Applications by local authorities and regional government: Jones' invited presentations on Link and Place and its potential uses has informed practitioners in the UK and abroad (including Hungary, Switzerland, China, New Zealand, Australia and the USA) and has led to several practical applications by consultants and local authorities. These include:

  • West Midlands Red Route team, used in a series of corridor studies between 2009 and 2011
  • Belgravia and Mayfair (by the MVA Consultancy); used to assess street function and appropriate design solutions in a study funded by the Grosvenor Estate and Westminster City Council in 2008 [g].
  • Staffordshire County Council, as part of a county strategic assessment in 2012
  • Galway City Council (by Taylor Young), as part of a strategic review of street network functioning in 2010 [d].
  • South Australian Government, as part of a Transport and Public Health strategy in 2012 [a].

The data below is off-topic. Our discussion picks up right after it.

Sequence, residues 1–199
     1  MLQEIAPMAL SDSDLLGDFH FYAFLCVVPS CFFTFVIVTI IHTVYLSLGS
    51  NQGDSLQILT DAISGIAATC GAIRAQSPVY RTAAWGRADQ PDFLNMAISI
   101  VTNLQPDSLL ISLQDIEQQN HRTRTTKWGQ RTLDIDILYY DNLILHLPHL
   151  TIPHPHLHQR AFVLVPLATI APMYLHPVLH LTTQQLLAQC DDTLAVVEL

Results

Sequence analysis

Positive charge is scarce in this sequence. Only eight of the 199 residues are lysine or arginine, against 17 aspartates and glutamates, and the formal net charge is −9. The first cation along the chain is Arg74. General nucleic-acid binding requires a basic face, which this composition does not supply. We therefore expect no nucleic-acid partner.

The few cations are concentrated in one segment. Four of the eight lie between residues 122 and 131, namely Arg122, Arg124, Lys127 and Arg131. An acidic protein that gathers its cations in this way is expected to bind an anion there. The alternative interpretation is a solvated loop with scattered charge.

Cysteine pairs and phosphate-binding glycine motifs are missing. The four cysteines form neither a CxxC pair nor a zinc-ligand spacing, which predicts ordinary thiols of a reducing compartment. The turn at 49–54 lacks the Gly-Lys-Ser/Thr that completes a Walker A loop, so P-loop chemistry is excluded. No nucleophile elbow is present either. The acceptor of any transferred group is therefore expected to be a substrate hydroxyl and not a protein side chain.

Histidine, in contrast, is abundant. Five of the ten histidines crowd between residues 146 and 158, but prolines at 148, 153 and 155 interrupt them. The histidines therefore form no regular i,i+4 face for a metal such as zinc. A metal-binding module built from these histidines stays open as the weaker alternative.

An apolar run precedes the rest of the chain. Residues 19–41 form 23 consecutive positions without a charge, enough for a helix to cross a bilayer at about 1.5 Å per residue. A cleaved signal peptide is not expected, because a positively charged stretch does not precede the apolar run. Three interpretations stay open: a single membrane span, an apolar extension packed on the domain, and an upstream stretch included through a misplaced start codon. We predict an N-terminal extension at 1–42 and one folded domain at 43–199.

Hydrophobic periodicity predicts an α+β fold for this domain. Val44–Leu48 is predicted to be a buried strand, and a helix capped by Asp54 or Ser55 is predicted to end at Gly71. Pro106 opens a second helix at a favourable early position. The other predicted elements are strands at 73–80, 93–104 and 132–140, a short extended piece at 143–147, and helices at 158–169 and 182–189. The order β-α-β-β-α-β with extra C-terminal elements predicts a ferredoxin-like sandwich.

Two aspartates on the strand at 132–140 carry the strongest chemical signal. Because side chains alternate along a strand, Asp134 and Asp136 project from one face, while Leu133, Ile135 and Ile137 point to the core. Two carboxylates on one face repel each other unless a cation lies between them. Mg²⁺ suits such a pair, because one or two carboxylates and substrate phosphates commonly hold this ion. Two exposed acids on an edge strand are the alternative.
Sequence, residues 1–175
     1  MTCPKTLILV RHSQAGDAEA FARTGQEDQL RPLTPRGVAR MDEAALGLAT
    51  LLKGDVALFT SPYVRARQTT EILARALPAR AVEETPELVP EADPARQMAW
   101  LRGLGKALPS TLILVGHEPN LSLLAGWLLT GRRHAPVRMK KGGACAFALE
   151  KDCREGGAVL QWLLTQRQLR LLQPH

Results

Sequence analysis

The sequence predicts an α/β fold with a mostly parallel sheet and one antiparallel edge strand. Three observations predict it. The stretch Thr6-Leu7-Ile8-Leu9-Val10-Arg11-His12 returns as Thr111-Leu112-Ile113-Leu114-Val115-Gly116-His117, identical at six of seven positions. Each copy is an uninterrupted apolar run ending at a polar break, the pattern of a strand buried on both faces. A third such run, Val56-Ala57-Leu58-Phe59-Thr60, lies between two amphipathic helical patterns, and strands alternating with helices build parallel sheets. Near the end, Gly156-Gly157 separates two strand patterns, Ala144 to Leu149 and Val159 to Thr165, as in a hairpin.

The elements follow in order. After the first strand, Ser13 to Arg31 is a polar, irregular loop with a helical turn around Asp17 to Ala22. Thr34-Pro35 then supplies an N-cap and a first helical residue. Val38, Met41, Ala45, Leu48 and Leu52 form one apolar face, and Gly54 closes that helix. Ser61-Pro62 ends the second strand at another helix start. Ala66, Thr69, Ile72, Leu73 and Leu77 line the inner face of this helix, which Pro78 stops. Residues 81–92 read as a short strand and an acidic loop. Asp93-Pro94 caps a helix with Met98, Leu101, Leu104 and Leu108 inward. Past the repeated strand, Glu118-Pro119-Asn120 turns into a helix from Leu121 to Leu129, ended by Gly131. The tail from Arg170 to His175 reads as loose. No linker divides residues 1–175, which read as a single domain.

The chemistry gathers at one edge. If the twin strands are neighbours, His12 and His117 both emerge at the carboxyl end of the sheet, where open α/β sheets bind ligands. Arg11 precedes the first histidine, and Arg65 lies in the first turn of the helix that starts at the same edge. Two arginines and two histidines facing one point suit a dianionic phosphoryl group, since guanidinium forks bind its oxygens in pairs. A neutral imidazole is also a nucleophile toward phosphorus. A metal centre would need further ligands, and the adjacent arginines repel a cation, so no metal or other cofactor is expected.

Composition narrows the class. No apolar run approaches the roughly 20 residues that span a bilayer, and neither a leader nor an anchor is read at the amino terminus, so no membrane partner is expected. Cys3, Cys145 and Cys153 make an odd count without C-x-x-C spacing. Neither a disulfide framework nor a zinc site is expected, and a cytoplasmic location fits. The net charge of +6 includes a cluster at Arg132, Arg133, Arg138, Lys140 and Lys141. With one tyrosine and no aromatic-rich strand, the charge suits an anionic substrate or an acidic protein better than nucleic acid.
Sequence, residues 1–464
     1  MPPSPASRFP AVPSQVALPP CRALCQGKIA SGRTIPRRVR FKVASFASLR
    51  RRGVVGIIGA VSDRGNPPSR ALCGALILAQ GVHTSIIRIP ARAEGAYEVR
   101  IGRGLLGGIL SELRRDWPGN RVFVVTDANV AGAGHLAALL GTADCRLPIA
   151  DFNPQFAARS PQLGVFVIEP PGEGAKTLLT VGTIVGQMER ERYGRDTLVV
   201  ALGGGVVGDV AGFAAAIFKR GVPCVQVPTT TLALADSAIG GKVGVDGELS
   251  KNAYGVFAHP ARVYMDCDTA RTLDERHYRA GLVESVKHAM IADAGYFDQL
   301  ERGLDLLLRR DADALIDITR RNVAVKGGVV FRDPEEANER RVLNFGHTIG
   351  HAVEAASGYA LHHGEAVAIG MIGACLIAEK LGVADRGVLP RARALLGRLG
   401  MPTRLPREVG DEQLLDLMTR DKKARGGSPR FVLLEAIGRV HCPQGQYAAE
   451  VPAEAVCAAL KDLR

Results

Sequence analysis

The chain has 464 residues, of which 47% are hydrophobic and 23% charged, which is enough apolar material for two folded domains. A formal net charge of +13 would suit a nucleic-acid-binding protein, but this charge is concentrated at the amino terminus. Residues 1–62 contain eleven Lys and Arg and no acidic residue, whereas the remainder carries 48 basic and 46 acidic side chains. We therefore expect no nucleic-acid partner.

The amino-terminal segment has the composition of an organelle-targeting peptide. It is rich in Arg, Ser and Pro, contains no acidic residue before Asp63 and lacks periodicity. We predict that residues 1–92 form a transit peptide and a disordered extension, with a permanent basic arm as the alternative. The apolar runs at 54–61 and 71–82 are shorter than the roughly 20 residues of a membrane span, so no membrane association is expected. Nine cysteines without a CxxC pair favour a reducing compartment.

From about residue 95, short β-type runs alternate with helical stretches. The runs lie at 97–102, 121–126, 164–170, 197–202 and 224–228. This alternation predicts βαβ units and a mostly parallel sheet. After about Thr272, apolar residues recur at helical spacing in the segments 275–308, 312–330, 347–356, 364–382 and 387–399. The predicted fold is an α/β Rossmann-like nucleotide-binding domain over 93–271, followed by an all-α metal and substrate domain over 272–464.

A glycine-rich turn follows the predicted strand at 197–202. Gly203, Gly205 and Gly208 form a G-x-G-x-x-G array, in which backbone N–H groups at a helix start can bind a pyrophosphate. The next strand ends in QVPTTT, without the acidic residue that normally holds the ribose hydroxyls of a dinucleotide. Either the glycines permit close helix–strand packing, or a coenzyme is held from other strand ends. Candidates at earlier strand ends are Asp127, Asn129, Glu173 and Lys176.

• Smart Move Adelaide, the city's 10-year transport and movement strategy, in 2012 [b].
  • The Beijing Municipal Institute of City Planning and Design incorporated the approach into draft regulations for urban road space in 2013 (due to come into force in 2014) [m], following the publication of the main 2007 Link and Place report in Chinese in 2012 [e].
  • East Staffordshire Borough Council's Town Centre Public Realm Implementation Plan for Burton-on-Trent, published in July 2012 [h], was informed by the methodology and offered a transparent, structured way of defining the street hierarchy and is used by the local authority to inform their strategy and spending on street and public realm improvements (up to £1m a year). It is also used to inform the guidance the council gives to developers as to what they are expected to provide in the public realm, and to what standard, as part of their proposals. [j]